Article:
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Tarsem Singh



Marc Klein

Jason Keller


Lily Collins

Julia Roberts

Armie Hammer

Nathan Lane

Mare Winningham



2012 saw the release of not one but two Snow White movies: Universal's Snow White & The Huntsman and 20th Century Fox's Mirror Mirror. The latter was directed by Tarsem Singh and starred Lily Collins and Julia Roberts.

A significantly more comedic approach to the Brothers Grimm's classic tale, Mirror Mirror did reasonably well at the box-office (mostly thanks to its international ticket sales) despite receiving generally mixed reviews. Tarsem Singh having directed the dark and visually stunning Immortals a year prior, with that film's costume designer Eiko Ishioka onboard for Mirror Mirror as well, this project definitely had a lot of potential. Ishioka, who sadly passed away that same year, did not disappoint here and her reliably excellent work with the costumes in this film earned her an Academy Award.


This being Tarsem Singh's first comedy, there was a question of whether his style could work with this genre and, it turns out, not really? This is a nice-looking film with inventive costumes, slick production design and art direction, and the cast is certainly competent. Julia Roberts clearly has a great time as the evil Queen, Lily Collins and Armie Hammer give solid performances as Snow White and the Prince, Nathan Lane is fun, and Danny Woodburn, along with the rest of the actors playing the Dwarves, brings some much-needed charm to it all.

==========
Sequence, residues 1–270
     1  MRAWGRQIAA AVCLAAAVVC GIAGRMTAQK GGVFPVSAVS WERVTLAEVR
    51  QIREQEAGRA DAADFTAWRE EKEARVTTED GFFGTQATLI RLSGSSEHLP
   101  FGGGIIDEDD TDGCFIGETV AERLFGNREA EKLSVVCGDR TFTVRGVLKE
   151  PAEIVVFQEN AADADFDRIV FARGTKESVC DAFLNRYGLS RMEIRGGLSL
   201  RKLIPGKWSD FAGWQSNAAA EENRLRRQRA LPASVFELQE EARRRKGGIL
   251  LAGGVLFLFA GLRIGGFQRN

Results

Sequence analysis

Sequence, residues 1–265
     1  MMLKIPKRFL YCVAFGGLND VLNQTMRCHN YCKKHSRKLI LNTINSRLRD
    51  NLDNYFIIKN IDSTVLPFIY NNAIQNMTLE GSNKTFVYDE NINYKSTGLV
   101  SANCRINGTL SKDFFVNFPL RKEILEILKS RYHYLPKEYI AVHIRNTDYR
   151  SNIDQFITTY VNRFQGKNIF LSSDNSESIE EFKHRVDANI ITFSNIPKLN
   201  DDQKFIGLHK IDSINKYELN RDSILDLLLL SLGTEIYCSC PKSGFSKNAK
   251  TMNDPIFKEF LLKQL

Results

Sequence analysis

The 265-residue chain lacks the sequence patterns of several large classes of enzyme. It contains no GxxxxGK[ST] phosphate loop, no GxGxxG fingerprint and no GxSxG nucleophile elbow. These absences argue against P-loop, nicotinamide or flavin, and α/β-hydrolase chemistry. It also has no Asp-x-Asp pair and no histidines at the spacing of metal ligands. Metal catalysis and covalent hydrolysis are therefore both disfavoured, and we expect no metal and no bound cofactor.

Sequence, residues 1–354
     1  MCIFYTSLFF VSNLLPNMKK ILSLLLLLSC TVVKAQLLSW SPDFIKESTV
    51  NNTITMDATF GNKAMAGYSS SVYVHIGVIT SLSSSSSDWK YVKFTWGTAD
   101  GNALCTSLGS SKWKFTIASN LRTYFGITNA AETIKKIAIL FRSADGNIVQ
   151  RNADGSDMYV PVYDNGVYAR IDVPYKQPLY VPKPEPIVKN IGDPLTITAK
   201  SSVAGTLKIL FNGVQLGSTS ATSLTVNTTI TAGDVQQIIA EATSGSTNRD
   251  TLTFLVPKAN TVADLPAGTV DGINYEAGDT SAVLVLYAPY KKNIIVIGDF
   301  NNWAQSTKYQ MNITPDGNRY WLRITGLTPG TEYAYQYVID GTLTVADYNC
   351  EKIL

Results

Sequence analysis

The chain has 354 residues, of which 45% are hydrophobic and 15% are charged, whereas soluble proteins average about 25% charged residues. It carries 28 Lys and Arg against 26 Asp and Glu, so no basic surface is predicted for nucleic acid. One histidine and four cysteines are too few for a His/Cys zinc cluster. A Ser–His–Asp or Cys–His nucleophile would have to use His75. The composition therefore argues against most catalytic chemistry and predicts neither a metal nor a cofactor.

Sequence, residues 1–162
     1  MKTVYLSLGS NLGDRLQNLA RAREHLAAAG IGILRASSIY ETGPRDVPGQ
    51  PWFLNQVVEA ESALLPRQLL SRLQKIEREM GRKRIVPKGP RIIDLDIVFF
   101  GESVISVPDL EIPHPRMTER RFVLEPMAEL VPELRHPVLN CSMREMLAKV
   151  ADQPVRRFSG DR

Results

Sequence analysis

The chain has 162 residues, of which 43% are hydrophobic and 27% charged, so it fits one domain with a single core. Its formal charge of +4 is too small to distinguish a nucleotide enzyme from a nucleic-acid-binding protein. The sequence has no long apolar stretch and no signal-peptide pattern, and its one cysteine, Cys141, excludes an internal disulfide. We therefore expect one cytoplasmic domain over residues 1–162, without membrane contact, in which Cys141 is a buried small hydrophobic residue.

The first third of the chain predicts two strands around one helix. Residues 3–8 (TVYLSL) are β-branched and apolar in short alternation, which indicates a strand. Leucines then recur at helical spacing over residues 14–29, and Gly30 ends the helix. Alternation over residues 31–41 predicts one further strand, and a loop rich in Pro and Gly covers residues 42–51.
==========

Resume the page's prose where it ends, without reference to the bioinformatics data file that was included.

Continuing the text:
Unfortunately, the comedy itself isn't particularly funny and the humour can be a little on the heavy-handed side more often than not. Mirror Mirror doesn't take itself seriously, which is refreshing in a way, but one can't help but feel that it makes the film look pretty lazy. From the writing to Tarsem Singh's direction, this does not feel like an $85M movie, it feels like either an expensive Panto or a TV movie akin to the Kristin Kreuk-starring Snow White: The Fairest Of Them All from 2001. Not that it necessarily looks cheap, it's just shot in such a way that the sets very much look like sets and it all feels like a sitcom. The storytelling is rather slight also and the musical number during the end credits suggests this might have actually worked better as a musical.

You can imagine a project like this working with a sharp enough script and bold direction but there's, frankly, a lack of effort from the filmmakers here who, perhaps, in the hope of presenting something light-hearted and kid-friendly, just didn't feel the need to craft something with great care and deliver an impressive cinematic experience.


film & game reviews, the retro way.

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